The endless calls to fire Joe Barry have subsided and the Green Bay Packers have brought on a new defensive coordinator. For the first time since 2008, the Packers defense may take the field in the form of a 4-3 scheme thanks to new defensive coordinator Jeff Hafley. For the purposes of this thought experiment, let’s assume he brings in the 4-3 scheme.
Hafley has been touted as having essentially the exact opposite coaching style as Joe Barry. Barry was a quiet and conserved coach while Hafley brings along the promise of being fiery and passionate.
Barry also ran a defensive scheme that was often ridiculed for being too conservative as it often consisted of “safe” zone based play calling that gave opposing offenses too much room up front in the interest of defending against deep shots down the field. Hafley on the other hand seems to have a more aggressive defensive ideology that many believe will match up better with the skillsets of most of Green Bay’s current defensive players.
Building a Defense Overnight
The question is; can a new scheme be implemented in an effective way in only one offseason? Should we expect this Packers defense to be better than it was last year? Probably in certain metrics such as turnovers, but will they perhaps be more prone to giving up big plays through the air?
This is where personnel comes into play. There is an emphasis, as I’m sure you’ve heard, on the single high safety look in Hafley’s scheme and others like it. At the moment the safety position might be the least promising group on Green Bay’s defense, and we still don’t even know if Darnell Savage or Jonathan Owens will return to the team next year, as they are both currently free agents.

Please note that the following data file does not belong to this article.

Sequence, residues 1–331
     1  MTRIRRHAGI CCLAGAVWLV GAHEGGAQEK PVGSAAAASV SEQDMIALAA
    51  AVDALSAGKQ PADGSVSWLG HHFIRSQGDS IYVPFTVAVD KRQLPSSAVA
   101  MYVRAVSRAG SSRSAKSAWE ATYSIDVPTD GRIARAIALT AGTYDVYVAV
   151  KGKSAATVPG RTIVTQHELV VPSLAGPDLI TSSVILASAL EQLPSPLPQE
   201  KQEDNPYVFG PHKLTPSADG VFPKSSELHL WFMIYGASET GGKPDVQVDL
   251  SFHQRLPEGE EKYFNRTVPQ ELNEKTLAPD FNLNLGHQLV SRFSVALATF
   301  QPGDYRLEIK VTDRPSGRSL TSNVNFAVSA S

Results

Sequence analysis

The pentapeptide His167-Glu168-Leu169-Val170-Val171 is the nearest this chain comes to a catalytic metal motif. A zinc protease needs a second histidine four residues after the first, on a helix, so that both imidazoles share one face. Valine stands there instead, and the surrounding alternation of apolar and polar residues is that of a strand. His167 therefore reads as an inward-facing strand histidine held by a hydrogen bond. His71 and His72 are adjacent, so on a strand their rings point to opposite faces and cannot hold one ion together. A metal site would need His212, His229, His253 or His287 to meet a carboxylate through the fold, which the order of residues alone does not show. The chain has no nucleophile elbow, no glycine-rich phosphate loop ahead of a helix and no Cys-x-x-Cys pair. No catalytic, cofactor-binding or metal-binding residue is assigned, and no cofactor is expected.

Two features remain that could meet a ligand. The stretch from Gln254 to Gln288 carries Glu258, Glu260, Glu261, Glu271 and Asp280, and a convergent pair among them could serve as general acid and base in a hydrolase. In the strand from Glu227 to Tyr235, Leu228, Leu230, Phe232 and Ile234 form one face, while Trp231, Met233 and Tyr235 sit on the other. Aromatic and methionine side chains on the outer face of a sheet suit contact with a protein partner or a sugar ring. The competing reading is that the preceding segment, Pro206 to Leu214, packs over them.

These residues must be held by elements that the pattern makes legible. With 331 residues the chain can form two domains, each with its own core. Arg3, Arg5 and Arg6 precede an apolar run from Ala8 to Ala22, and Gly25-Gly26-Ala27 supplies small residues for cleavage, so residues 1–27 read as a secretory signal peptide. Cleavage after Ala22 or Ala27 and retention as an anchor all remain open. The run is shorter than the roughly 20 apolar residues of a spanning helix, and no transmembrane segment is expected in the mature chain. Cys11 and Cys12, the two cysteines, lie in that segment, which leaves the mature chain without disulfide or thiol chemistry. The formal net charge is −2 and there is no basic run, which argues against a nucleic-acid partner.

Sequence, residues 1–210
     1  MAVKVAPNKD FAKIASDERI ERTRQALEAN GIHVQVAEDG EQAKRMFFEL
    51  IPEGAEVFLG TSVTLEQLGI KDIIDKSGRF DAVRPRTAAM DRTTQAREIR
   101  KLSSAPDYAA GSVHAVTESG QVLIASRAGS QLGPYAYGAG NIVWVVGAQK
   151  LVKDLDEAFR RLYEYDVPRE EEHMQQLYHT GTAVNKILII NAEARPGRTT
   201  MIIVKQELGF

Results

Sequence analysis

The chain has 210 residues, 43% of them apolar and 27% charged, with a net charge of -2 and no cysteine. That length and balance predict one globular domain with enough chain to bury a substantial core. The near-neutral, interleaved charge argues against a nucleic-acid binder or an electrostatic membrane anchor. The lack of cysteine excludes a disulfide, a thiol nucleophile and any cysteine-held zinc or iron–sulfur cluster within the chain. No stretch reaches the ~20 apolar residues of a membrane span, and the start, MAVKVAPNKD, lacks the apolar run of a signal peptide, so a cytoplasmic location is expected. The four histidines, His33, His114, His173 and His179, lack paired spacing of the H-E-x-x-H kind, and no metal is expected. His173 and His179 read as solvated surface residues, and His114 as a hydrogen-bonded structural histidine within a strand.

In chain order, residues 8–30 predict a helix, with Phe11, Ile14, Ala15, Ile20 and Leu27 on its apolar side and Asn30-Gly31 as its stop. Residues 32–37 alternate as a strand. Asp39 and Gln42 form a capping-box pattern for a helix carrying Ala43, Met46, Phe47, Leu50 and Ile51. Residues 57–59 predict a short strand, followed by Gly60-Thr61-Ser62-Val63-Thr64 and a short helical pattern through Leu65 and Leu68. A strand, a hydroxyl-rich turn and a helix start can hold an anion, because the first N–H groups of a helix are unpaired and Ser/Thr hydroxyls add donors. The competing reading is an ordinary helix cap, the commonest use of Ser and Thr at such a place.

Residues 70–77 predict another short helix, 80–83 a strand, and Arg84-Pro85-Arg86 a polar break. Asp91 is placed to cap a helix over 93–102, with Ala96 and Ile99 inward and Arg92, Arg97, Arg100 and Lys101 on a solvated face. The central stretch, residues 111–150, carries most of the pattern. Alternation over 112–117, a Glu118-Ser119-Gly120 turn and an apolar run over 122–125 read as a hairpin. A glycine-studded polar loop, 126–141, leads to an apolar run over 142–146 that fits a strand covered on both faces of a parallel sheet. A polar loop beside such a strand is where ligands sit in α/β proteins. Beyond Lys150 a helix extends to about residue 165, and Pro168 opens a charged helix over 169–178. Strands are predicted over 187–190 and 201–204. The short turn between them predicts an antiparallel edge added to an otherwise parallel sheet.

Whether or not Hafley, General Manager Brian Gutekunst, and the rest of the front office believe they can even rekindle the potential of those players in a new scheme is yet to be seen, but we can be sure that there is some sort of plan in place for the safety position in Green Bay. Even if the Packers keep one or both of their free agent safeties, they will likely need to spring for another player at the position through the draft or free agency.
What Else Can we Expect From a 4-3?
The importance of the safety position cannot be overstated in this new scheme. Having someone that you trust to cover the back end will be important when the focus shifts to attacking more aggressively up front.
As for the rest of the defense, the scheme affects some positions more than others. Outside linebackers will now be “defensive ends” on the depth chart, but their role will remain the same; rush the passer and set the edge in the run game.
Corners will likely have to get used to playing at least a little bit more man defense and playing closer to the line of scrimmage, which can be challenging against the shifty route runners of the world.
Arguably the biggest benefit of a 4-3 defense is the ability to generate a consistent pass rush without so much emphasis on blitzing. There is potential for other issues to begin arising, as both style of defense have their respective strengths and weaknesses.
Ultimately there is somewhat of a beautiful simplicity to a 4-3 defense, and in all likelihood it won’t take much for everyone to get familiar with the scheme. Richard Sherman once even praised Jeff Hafley for his ability to explain defensive concepts in precise and understandable terms.
The future is bright in Green Bay, for the offense, and most likely for the defense, too.